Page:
- The moving average is a calculation of the average price that an asset is trading at over a set period.
- For example, if we are looking at a daily Bitcoin chart with the 20 MA applied, we are going to see what the average price is over the last 20 periods, i.e., the previous 20 days.
For the sake of this article, we are going to keep this simple. To truly develop an edge using moving averages, a trader should backtest as much as possible.
What are Moving Averages?
One of the most popular indicators across all markets is the Moving Average. The moving average is exactly what its name implies, a calculation of the average price that an asset is trading at over a set period. This can be in the form of a basic “Moving Average”, which is just an arithmetic mean; or an “Exponential Moving Average”, which assigns more weighting to the most recent prices.
For the sake of this article, we are going to stick with the basic Moving Average, otherwise referred to as a “Simple Moving Average”. For example, if we are looking at a daily Bitcoin chart with the 20 MA applied, we are going to see what the average price is over the last 20 periods, i.e., the previous 20 days. Hence the idea of a simple arithmetic mean- we are taking the candle closing prices of the last 20 days and dividing them by 20 to get an average.
It is important to note that we are looking at a moving average in terms of “periods”. So, if we are looking at the 20 MA on the daily, we are seeing the average of the last 20 day closes; however, if we look at the 20 MA on the 5-minute chart, we are seeing the average price of the last 20 5-minute periods.
The most common moving average lengths are the 9, 20, 50, 100, and 200. The lower periods are referred to as the faster periods, while the higher periods are referred to as the slower periods. These are also referred to as “look back periods”. It is essential to understand that all of these periods are lagging.
Trend trading with Moving Averages
Moving averages are great tools for trading trending markets. They can be combined with either different variations of themselves or other indicators to develop systematic and discretionary strategies.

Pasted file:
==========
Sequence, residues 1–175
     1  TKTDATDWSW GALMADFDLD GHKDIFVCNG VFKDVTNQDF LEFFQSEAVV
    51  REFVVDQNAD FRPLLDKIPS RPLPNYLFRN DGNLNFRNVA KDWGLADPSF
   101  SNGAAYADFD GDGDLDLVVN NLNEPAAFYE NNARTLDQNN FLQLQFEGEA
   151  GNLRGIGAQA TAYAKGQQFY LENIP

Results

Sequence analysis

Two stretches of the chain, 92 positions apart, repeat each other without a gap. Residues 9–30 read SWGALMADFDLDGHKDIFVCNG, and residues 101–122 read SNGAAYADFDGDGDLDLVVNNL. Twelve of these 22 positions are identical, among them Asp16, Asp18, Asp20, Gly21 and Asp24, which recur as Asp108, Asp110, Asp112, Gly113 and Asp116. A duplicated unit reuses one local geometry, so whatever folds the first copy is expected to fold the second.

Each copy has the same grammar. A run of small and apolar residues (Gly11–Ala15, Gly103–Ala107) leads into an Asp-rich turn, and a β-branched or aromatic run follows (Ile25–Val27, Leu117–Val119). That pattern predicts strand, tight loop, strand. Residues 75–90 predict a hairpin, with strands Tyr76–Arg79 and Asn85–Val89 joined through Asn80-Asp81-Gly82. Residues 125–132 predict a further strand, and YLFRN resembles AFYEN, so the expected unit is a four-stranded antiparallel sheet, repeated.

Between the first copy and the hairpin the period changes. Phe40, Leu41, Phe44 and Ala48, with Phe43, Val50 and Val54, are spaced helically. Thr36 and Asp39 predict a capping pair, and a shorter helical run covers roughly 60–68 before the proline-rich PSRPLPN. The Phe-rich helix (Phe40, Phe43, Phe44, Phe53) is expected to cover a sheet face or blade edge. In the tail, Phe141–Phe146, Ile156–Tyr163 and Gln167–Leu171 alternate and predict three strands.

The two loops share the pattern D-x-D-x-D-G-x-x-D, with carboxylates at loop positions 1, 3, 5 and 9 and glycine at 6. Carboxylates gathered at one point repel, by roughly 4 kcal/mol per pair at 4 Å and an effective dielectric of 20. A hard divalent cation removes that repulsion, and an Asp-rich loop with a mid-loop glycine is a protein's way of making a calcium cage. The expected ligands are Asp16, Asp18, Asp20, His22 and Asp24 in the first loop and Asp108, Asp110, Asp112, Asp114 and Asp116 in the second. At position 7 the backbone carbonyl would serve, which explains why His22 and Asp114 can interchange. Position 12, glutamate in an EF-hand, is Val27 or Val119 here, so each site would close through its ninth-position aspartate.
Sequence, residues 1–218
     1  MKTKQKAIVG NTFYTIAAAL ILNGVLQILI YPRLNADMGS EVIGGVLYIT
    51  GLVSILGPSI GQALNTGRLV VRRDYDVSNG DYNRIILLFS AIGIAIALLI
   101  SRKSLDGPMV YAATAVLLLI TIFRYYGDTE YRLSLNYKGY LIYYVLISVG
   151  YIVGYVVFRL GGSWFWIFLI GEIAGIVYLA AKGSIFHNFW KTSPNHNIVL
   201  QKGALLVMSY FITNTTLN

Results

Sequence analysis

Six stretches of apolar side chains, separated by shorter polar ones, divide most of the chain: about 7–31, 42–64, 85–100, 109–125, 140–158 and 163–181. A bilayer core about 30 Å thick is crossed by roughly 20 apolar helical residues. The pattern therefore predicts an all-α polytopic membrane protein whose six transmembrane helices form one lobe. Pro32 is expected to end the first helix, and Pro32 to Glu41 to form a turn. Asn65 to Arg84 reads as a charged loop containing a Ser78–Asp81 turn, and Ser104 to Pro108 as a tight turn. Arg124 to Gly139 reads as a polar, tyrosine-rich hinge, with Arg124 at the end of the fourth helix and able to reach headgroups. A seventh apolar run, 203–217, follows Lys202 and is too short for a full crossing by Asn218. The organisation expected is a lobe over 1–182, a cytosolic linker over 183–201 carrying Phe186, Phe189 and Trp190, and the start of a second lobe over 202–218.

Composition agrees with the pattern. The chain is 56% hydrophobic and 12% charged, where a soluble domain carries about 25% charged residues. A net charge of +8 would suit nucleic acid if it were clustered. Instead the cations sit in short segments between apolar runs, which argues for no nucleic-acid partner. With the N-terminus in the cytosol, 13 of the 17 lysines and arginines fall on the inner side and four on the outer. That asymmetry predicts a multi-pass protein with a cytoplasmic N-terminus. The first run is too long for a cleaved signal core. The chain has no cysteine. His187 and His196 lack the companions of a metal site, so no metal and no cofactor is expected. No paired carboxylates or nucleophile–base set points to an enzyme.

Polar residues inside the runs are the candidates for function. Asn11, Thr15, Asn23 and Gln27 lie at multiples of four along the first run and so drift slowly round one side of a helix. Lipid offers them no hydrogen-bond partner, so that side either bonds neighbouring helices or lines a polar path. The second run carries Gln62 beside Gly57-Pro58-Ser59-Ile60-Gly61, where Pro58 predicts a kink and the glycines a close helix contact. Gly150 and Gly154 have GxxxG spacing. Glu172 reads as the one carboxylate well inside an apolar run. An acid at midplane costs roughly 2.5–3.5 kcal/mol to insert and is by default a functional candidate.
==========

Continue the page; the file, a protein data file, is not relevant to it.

Here are some great ways in which moving averages can be used:
Use Moving Averages to smooth out and determine the general direction of a trend–
When the moving averages are pointing or sloped upward this indicates that the underlying price action is currently moving in an upward trend. For some people, this takes out the subjectivity of paying attention to price action. For example, below, if we look at a daily chart and apply something like a 20-period moving average, we can clearly see that the trend is north over time.
We can also note some important details about the strength of the trend regarding how extended price is from the moving averages and the periods in which the moving averages go from being more sharply pointed upward vs. beginning to taper off and slant back downward. These details can help us determine whether the trend is heating up or cooling down. For example, if we see that price is beginning to return to the moving average (the 20 in this case), we can say the trend may be cooling off or approaching what will maybe be a period of consolidation.
We can also see a possible change in the trend if the price begins to fall under the moving average or if the moving average begins to turn back downward. Again, this is a lagging indicator, so it is only showing us what price is already doing, but it does help to make it a bit more obvious, although slightly late to signal.
We can sharpen the idea presented above by applying more than one moving average and watching for crossovers or cases where the moving averages are diverging or converging. In the example below, we have a daily chart with the 20 MA in red and 50 MA in blue. For a trend follower, using moving averages can keep them in the trend for much of the move. In most cases, this involves using a combination of faster and slower period moving averages to identify the shift in the short term vs. long term price action.
Notice how there were periods where the moving averages compressed during the consolidations; however, they did not cross. During these periods of compression, traders may look at adding to positions, so long as the moving averages maintain their position to each other. The trend shows signs of changing when we see the moving averages begin to interact and cross each other physically.
One more way we can use the moving averages is as dynamic supports or resistances. Let’s say we have a powerful trend reversal where price has crossed and is now well extended and above the 20 MA on the daily. One of the better opportunities is to buy a return back to the average. Many times, this area will be systematically bought by traders looking to enter into fast-moving trends. Often, the first retest offers the highest probability of a bounce. Notice in the image below price spends most of its time above the average, and when finally revisiting for the first time, offers a substantial bounce.
The inverse can be expected when the price loses the trend and falls below the moving average with conviction. In the case below, the price loses the 20 MA on the daily, and this line then becomes a dynamic resistance.
This wraps up some of the primary ways we can begin to explore using moving averages. As with all other indicators, these are just “decision support tools” that can be applied independently or with a combination of different forms of price derived feedback. As with all approaches, be sure to backtest as much as possible. The benefit of using moving averages is that you can do this visually in a short amount of time.